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Trial record 19 of 2609 for:    CARBON DIOXIDE

The Use of CO2 in Routine-Colonoscopy

The safety and scientific validity of this study is the responsibility of the study sponsor and investigators. Listing a study does not mean it has been evaluated by the U.S. Federal Government. Read our disclaimer for details. Identifier: NCT03141697
Recruitment Status : Completed
First Posted : May 5, 2017
Last Update Posted : May 5, 2017
Information provided by (Responsible Party):
Juergen Feisthammel, University of Leipzig

Brief Summary:
In this double-blind, randomised and controlled study 150 Patients referred to colonoscopy were assigned to either CO2 or air insufflation. We recorded basic characteristics of colonoscopy and the amount of drugs used for sedation. Patients and investigators filled out questionnaires to record pain, abdominal bloating and flatulence.

Condition or disease Intervention/treatment Phase
Colonoscopy Device: Carbon Dioxide Device: Room air Not Applicable

Detailed Description:

Between April 2012 and August 2014 150 patients referred to the University Hospital of Leipzig for colonoscopy were randomly assigned to either CO2 or air insufflation.

All examinations were performed by one of four experienced endoscopists. The patients usually received sedation. For sedation midazolam and propofol was used. At the beginning of the examination the patients usually received between 3-5 mg of midazolam and 20-40 mg propofol. During endoscopy propofol was titrated by administration of 20 mg at the time according to and pain reaction of the patient and required depth of sedation.

All patients had nasal insufflation of oxygen with 2 litres per minute. All sedated patients were monitored for pulse, blood pressure and blood oxygen saturation.

For bowel cleansing a solution of Macrogol 3350 (Moviprep®, Norgine) was administered orally according to the manufacturer.

All colonoscopies were performed using Fujifilm Endoscopes (EC 590 Series). For examinations with use of carbon dioxide the Fujifilm CO2 Insufflator GW-1 was used with appropriate water bottle and endoscope valve. The air pump of the light source Fujifilm System 4400 was deactivated according to the manufacturer.

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Study Type : Interventional  (Clinical Trial)
Actual Enrollment : 150 participants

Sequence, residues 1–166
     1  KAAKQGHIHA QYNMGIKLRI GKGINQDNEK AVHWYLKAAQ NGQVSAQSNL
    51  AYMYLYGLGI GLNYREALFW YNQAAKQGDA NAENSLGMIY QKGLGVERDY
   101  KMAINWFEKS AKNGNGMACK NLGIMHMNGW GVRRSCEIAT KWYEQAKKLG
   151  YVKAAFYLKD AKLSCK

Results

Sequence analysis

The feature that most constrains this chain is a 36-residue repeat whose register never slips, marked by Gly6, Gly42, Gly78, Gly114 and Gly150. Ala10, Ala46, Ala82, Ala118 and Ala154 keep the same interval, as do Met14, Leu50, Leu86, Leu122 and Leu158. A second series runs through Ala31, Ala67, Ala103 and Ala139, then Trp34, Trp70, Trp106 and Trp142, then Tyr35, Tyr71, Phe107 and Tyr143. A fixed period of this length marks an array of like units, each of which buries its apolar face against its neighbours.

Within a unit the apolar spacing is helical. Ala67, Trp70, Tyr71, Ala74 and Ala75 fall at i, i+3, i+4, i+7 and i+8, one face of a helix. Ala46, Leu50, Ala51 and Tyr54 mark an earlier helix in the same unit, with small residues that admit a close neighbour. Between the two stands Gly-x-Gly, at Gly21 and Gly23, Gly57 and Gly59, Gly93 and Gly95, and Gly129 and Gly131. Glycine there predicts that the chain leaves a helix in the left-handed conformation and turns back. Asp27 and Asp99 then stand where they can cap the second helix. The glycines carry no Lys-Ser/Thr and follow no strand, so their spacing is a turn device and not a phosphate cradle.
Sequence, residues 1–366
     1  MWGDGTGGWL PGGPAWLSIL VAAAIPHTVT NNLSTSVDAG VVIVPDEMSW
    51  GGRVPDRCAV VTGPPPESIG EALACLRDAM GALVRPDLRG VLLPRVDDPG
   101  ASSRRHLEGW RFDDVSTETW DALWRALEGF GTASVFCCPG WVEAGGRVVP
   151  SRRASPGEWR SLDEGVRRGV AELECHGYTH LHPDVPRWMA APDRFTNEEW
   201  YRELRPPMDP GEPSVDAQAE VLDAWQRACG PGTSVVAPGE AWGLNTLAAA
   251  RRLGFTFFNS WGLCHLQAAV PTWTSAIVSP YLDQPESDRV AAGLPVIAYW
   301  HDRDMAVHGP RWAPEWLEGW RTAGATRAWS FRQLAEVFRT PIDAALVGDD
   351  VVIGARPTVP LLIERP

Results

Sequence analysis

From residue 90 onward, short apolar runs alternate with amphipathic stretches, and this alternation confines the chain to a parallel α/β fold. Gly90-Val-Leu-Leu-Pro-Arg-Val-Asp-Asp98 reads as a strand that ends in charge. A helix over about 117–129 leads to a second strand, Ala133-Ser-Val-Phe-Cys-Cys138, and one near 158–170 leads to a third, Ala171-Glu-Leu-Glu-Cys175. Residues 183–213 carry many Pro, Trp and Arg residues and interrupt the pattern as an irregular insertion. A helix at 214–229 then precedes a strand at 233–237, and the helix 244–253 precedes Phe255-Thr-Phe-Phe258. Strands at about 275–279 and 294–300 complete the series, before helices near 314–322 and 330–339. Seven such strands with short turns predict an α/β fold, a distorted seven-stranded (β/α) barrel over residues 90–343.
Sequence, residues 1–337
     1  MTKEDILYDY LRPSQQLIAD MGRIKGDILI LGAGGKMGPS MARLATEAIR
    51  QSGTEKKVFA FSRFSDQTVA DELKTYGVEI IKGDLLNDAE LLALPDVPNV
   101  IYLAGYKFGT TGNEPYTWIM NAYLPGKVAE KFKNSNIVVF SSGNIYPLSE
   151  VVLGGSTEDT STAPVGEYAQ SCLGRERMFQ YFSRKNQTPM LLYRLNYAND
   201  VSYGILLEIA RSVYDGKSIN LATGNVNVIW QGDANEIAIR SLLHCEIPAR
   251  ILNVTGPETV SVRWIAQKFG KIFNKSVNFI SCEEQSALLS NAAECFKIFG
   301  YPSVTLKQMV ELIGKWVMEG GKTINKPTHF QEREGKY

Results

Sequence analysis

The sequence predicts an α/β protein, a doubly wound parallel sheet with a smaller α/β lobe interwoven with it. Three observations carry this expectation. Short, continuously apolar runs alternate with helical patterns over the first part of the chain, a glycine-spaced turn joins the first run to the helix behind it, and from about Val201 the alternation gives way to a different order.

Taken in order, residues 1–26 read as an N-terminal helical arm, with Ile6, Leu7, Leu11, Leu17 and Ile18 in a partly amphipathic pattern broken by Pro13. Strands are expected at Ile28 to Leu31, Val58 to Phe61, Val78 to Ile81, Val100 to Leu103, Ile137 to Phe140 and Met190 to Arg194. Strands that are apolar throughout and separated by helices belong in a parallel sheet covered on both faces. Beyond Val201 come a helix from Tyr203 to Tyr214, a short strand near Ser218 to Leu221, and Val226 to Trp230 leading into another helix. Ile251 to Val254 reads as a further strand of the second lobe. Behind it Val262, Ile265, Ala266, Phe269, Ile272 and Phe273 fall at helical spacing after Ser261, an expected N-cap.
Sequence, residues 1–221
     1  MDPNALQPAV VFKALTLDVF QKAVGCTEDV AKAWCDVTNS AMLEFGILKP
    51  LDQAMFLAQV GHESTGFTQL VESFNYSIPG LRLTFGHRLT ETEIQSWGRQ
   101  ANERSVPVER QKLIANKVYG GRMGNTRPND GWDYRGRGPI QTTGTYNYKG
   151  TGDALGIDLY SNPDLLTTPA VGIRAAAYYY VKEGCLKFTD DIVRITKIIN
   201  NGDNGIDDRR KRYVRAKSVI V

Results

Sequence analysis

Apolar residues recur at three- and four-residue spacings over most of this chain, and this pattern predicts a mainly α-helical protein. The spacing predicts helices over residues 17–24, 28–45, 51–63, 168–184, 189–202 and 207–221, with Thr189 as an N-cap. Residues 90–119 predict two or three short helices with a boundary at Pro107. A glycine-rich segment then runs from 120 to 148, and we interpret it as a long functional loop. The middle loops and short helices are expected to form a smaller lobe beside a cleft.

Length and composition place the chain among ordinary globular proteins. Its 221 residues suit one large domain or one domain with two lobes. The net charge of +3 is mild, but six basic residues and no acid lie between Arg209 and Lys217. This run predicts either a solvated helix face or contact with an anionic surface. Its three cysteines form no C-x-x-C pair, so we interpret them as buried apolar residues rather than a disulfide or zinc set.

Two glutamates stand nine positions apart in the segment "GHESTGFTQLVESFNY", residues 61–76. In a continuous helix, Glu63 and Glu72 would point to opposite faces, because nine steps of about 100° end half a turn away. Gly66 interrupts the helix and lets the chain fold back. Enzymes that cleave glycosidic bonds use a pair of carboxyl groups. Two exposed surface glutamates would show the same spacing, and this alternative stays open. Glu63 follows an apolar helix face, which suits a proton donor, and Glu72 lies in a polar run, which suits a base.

Allocation: Randomized
Intervention Model: Parallel Assignment
Masking: Triple (Participant, Care Provider, Investigator)
Primary Purpose: Diagnostic
Official Title: Is CO2 Insufflation an Amelioration of Routine Colonoscopy?
Actual Study Start Date : April 1, 2012
Actual Primary Completion Date : August 31, 2014
Actual Study Completion Date : August 31, 2014

Resource links provided by the National Library of Medicine

MedlinePlus related topics: Colonoscopy

Arm Intervention/treatment
Experimental: Carbon Dioxide
Colonoscopy with Insufflation of Carbon Dioxide
Device: Carbon Dioxide
Insufflation of Carbon Dioxide

Placebo Comparator: Room Air
Colonoscopy with Insufflatioin of Room Air
Device: Room air
Insufflation of room air

Primary Outcome Measures :
  1. Post-procedural pain [ Time Frame: 0 - 24 hrs after colonoscopy ]
    Pain after Colonoscopy, assessed by visual analog scale (VAS)

Secondary Outcome Measures :
  1. Abdominal bloating [ Time Frame: 0 - 24 hrs after colonoscopy ]
    Abdominal bloating, assessed by questionaire

  2. flatulence [ Time Frame: 0 - 24 hrs after colonoscopy ]
    flatulence, assessed by questionaire

  3. procedure time [ Time Frame: duration of colonoscopy ]
    time used for colonoscopy

  4. Used amount of sedative drugs [ Time Frame: during endoscopy ]
    Amount of midazolam and propofol administrated during colonoscopy

Information from the National Library of Medicine

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Ages Eligible for Study:   18 Years and older   (Adult, Older Adult)
Sexes Eligible for Study:   All
Accepts Healthy Volunteers:   No

Inclusion Criteria:

  • older than 18 years
  • informed consent

Exclusion Criteria:

  • former colonic resections
  • severe heart or lung disease (NYHA III or IV)
  • Pregnancy
  • Patients with planned gastroscopy within 24 hours

Information from the National Library of Medicine

To learn more about this study, you or your doctor may contact the study research staff using the contact information provided by the sponsor.

Please refer to this study by its identifier (NCT number): NCT03141697

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University of Leipzig
Leipzig, Germany, 04103
Sponsors and Collaborators
University of Leipzig

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Responsible Party: Juergen Feisthammel, Medical Doctor, Principal Investigator, University of Leipzig Identifier: NCT03141697    
Other Study ID Numbers: CO2 Colonoscopy
First Posted: May 5, 2017    Key Record Dates
Last Update Posted: May 5, 2017
Last Verified: May 2017
Individual Participant Data (IPD) Sharing Statement:
Plan to Share IPD: Undecided

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Studies a U.S. FDA-regulated Drug Product: No
Studies a U.S. FDA-regulated Device Product: No
Product Manufactured in and Exported from the U.S.: No
Keywords provided by Juergen Feisthammel, University of Leipzig:
Carbon Dioxide